Ajen Sita (EY Africa CEO) has cast his shadow over virtually every aspect of the Big Four firm’s business model since assuming the helm in July 2010, but nowhere more so than in its redefining of its Africa business. Demonstrating where Sita’s passion truly lies, he explains what he foresees himself doing should he ever leave EY (not something he has any plans to do): “The two areas I will always be involved in during my lifetime are promoting the African continent, and transformation.”
A bold step he took on being appointed CEO – and one that has not been replicated by any other professional services firm – was to re-engineer its 33-country African operations into an integrated business unit, styled EY Africa. The move has opened doors for staff throughout those 33 franchises to gain greater training and experience, and to be seconded to wherever the workload was heaviest.
This vision had come to Sita while in his then role as Head of Assurance. He already had a deep personal interest in Africa and had used that time to expand the business throughout Africa. However, he realised that the skills shortage across Africa and the demand expressed by international businesses establishing new operations in Africa for a uniform standard of professional services in all countries called for integration.
“It was clear to me when I became CEO that we could not achieve this uniform service level through the various franchise operations, which themselves had uneven skills levels. We needed to be able to move our scarce skills to wherever they were most needed and to invest our own capital in upgrading those skills,” he says.
Just as this was his personal project, so too has Sita donned the mantle of thought leadership for Africa, constantly hosting and attending international conferences to boost inward investment into Africa. He convinced the Global EY firm to invest US$100 million in the Africa operation, opening new offices, recruiting people and acquiring existing firms. “Of course, this was not just because Africa was my personal hobby-horse – it was quite obvious that Africa was attracting a lot of global interest as an emerging market and this interest is only going to grow over time. For instance, most South African businesses that are not already there are looking to expand into the rest of Africa in the coming years.
“It has become my personal passion and I spend two weeks of every month travelling throughout the continent. That’s also where EY is putting a lot of its energy and developing talent.”
Sita looks back on the last 15 months with a great deal of satisfaction, citing the African integration as his biggest achievement and an adventure, without diminishing the other major accomplishments that have simultaneously happened. He has overseen the local repositioning of the EY brand, developed a new purpose statement for the firm to clearly differentiate itself, and also moved the business into new premises that are the last word in the ‘Workplace of the Future’ concept.
As to how he arrived at this point in his career, Sita attributes much of it to his family background where his father inspired the entire family to a deep involvement in community activities. Social upliftment and giving back to the community was inculcated in him and his four brothers from the earliest age.
His father ran his own retail business, but having been forcibly relocated under apartheid he become a convert to the need for education to rise above the uncertainty that comes with racial politics in this part of the world.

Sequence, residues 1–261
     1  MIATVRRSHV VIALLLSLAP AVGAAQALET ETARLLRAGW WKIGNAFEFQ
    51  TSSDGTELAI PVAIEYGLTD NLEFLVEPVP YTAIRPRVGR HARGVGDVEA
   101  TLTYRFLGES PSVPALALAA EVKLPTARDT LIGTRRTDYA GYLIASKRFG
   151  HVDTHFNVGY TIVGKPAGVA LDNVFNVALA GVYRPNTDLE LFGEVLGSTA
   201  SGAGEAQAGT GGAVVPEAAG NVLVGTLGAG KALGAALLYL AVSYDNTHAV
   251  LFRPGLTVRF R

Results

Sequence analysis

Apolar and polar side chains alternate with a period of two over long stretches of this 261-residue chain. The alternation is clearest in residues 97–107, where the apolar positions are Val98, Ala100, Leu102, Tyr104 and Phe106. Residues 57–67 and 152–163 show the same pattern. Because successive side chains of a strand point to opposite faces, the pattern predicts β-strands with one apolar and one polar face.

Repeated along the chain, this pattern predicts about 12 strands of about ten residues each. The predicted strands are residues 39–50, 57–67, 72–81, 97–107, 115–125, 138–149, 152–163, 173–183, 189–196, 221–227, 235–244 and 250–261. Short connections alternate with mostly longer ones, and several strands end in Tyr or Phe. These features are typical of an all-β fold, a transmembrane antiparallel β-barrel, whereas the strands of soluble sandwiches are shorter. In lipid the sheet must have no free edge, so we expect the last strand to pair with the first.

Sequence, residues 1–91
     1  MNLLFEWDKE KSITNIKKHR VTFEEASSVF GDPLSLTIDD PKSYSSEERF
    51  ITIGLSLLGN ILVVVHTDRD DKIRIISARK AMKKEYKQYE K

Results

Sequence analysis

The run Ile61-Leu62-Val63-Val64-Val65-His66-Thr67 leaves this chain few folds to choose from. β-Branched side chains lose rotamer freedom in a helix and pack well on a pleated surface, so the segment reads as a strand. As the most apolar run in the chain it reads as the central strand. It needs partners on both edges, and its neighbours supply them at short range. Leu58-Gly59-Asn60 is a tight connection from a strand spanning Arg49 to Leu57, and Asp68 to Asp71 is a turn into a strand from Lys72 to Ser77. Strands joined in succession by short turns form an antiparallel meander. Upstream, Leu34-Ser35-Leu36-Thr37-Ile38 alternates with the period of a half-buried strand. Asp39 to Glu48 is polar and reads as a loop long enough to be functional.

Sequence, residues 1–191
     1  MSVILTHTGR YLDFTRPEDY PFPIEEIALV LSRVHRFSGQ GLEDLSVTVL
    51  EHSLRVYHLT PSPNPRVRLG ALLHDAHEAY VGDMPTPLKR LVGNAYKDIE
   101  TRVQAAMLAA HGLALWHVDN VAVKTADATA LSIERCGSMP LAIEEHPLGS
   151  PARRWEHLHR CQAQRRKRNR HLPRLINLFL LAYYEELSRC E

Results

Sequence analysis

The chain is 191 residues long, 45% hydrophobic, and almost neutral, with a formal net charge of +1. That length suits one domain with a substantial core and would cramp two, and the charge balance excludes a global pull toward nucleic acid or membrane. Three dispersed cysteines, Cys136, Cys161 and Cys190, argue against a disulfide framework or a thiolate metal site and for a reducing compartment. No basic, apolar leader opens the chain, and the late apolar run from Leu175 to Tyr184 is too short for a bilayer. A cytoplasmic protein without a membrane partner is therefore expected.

“My father was very involved in everything from serious community issues through to every local fundraising initiative. He was a leader and through this evolved into a worldly intellectual, even though he wasn’t himself highly educated. But underlying all this – he was an entrepreneur. I settled on accounting – and a CA(SA) qualification – as the one discipline that could bridge all these issues and my personal interests,” says Sita.
This (1989) was also a time of great change in South Africa, which served only to more deeply inspire in Sita the need for community involvement. Consequently he did not foresee a career with any Big Four firm, all of which at that time were seen as completely untransformed. Not only that, it seemed out of reach for a person of colour, he explains.
However, things were already changing fast. A close family friend had a favourable experience with then Ernst & Young and recommended it, and with good grades and a high work ethic the interview proved a formality for Sita.
His advancement was rapid to an unheard-of degree, but also reflected his contribution to the business: he was made a manager while still doing his traineeship, he became the youngest ever EY partner in 1999 at the age of 27, fittingly heading Entrepreneurial Services which he grew strongly, and was lead partner for the successful international listing of Telkom, the then-biggest listing on the New York Stock Exchange of an African company. In 2005 he was offered the leadership of Assurance, the largest division of EY, which position he held until he became CEO EY Africa. He also sits on the board for the EY EMEIA (Europe, Middle East, India and Africa) zone.
In line with the firm’s Africa focus, he personally champions the Africa Report, a strategic Africa growth forum that highlights the achievement of the continent in a positive light. “Its purpose is to workshop how to help businesses success in investing in Africa rather than to regurgitate existing problems.”
Transformation and empowerment is another great passion of Sita, and he holds the highest office in this regard – the chair of Thuthuka, currently the largest single influence on the transformation of the accounting profession and an organisation which Sita explains “is having a fantastic impact”.
He similarly leads the process of transformation at the South African offices of EY. To this end the firm devoted a considerable amount of effort to clearly defining its purpose – not something many companies do other than for show.
“Look, each of the Big Four is an excellent firm but we wanted to identify what we do differently and to stick our necks out that this was our fundamental purpose, and so we identified ‘Building a Better Working World’. This reflects our ambition within auditing to bring greater integrity to that role.”